After wearing it 24/7/365 for so long (except while swimming and… sex), it really feels like another part of my body. It feels weird when I’m not wearing it. And I know of at least one instance when emergency medical technicians looked at it and made the call, getting valuable information that helped me.

But… I don’t like to stick with the same thing all the time. I’m thinking it might be nice to have something else I could wear now and then. But what? I’ve seen a lot of ads for different medical alert bracelets and such. Should I get something new? Even if it’s just so I could have an alternative? First world problems, yes?

I don’t know the answers to those questions yet. But I’m going to do a little research. I’m going to look into what’s available on the market, and decide if something new might be good for me.

I’m thinking it might do you some good to look into alternatives too. Unless you’re wearing something you really like already. If you are, please leave me a comment to let me know what it is so I can check it out. If you’re living with diabetes… and you don’t have something like this that you’re wearing already… even though it might seem strange and uncomfortable at first (because it was for me too)… get one now.

As strange as it may seem to be wearing an advertisement for your own diabetes, that advertisement may prove amazingly invaluable to you today, or tomorrow, or fifteen years down the road. If you want people to take your diabetes seriously, take it seriously yourself and get your own alert bling. Then leave me a comment below.
 
 
 

Diabetes ain’t no sissy game.

We’ve talked about this before…

Why is it that we are all so good at making life with diabetes look normal?

The reality is that life with diabetes is anything but. Diabetes is not for sissies.

– How many times have we worked hard, over a period of years, just to get our A1c down to a range that we and our endocrinologists can be happy with? How many times have we worked hard, over a period of years, to keep our A1c from growing higher?

– How many times have we voluntarily engaged in the tradeoff that includes using a sharp tool that causes us to bleed, just so we can help maintain our diabetes management?

– Pump users: How many infusion set changes have you completed over the course of living and pumping with diabetes?

– MDI users: How many injections have you had to endure over the course of living with diabetes?

– How many hypoglycemic moments has your diabetes included? Lows that knock us down… but often we get up and go on with our lives like nothing ever happened. And the people who we would most like to know, don’t have any idea at all what it’s like. Side note: I tell those people that I went through a near-death experience. Because I did. I want them to know how precarious the balance between high and low BGs really is.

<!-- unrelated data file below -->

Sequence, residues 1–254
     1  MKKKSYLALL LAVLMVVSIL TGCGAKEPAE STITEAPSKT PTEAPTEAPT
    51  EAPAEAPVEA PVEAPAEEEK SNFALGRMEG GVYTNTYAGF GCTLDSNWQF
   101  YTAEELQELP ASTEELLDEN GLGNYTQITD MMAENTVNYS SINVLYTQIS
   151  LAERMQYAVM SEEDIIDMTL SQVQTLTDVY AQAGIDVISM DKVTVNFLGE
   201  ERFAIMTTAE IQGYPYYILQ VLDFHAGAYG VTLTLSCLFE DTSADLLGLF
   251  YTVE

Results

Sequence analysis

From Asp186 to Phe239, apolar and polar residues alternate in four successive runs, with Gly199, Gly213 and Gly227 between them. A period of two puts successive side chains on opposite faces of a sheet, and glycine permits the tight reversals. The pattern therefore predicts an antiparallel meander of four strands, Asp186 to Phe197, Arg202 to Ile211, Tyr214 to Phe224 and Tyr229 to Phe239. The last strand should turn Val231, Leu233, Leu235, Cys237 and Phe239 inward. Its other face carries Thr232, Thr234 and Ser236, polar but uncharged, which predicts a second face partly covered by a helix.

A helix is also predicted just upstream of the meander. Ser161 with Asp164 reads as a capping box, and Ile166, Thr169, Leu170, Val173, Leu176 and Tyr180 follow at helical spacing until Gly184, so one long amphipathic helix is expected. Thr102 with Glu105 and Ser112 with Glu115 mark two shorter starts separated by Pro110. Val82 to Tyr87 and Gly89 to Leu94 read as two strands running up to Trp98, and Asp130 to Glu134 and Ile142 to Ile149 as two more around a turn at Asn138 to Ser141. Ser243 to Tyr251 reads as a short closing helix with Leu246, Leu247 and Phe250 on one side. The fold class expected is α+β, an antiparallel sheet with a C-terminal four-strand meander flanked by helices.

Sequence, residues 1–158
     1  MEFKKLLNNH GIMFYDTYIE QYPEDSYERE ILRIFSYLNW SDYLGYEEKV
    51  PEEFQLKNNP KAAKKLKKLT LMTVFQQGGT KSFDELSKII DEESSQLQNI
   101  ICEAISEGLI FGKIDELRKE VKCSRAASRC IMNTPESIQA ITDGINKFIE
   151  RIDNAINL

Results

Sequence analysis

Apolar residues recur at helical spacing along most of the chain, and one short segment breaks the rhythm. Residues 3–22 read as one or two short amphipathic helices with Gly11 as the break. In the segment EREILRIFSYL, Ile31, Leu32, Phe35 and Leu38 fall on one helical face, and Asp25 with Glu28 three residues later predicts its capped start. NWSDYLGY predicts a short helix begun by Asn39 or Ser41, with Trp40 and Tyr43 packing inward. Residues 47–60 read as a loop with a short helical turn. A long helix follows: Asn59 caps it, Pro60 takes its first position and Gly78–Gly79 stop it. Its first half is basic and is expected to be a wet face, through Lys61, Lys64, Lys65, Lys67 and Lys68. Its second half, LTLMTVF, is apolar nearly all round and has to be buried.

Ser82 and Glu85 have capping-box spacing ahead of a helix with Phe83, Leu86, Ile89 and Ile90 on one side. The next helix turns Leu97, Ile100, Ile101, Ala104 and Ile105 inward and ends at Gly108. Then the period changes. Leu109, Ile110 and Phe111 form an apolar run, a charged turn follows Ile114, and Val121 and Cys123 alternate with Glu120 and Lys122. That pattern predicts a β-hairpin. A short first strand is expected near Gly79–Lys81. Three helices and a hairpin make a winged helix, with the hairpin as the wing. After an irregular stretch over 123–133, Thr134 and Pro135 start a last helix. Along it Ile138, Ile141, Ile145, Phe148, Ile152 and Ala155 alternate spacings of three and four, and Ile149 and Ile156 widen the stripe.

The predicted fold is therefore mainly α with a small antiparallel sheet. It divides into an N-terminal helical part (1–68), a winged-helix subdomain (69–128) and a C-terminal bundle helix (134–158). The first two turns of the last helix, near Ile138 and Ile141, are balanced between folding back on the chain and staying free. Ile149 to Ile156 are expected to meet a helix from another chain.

– Show of hands: How many of us have had workouts that were cut short due to the fact that our bodies use insulin way better when exercising, and getting the basal/carb/exercise mix is difficult and ever-changing?

– Have you had an endocrinologist tell you that your A1c was high, and you’ve been trying so hard, and you just wonder if you should keep trying anymore? But you do, because, what’s the alternative?

– Did you get one of those unhappy A1c reports, or a high or low number on your meter, or a pump occlusion that causes you to do more than one set change in a day, or a low or high that just doesn’t seem to quit, but…

We forgive ourselves? That, my friends, is real bravery.

I haven’t even started on all the things that parents of kids with diabetes have to go through, much of which is even more out of control than what I go through.

There are many things that diabetes puts us through, on a daily, weekly, monthly, quarterly, year-by-year basis. Sometimes we can feel like a failure. Like we’re weak. Like we’re not as good as someone else. But nothing could be farther from the truth.

It’s easy to forget the fact that we’ve endured a lot, and come through it despite the tough moments (or weeks, or years) that come with living with a disease that is with us all the time, and is so volatile.

Fact: Diabetes ain’t no sissy game. If you’re living with diabetes, and you’re alive, you are a champion.

Have anything else you’d like to add? Feel free to tell me how you’ve endured through the months or years by leaving a comment below.
 
 
 

This week in Baltimore.

I don’t generally go off topic and talk about a non-diabetes issue here. But I don’t have anything else pressing at the moment, and this is all happening in my city, so why not? And if you happen to draw diabetes parallels to my thoughts, so be it.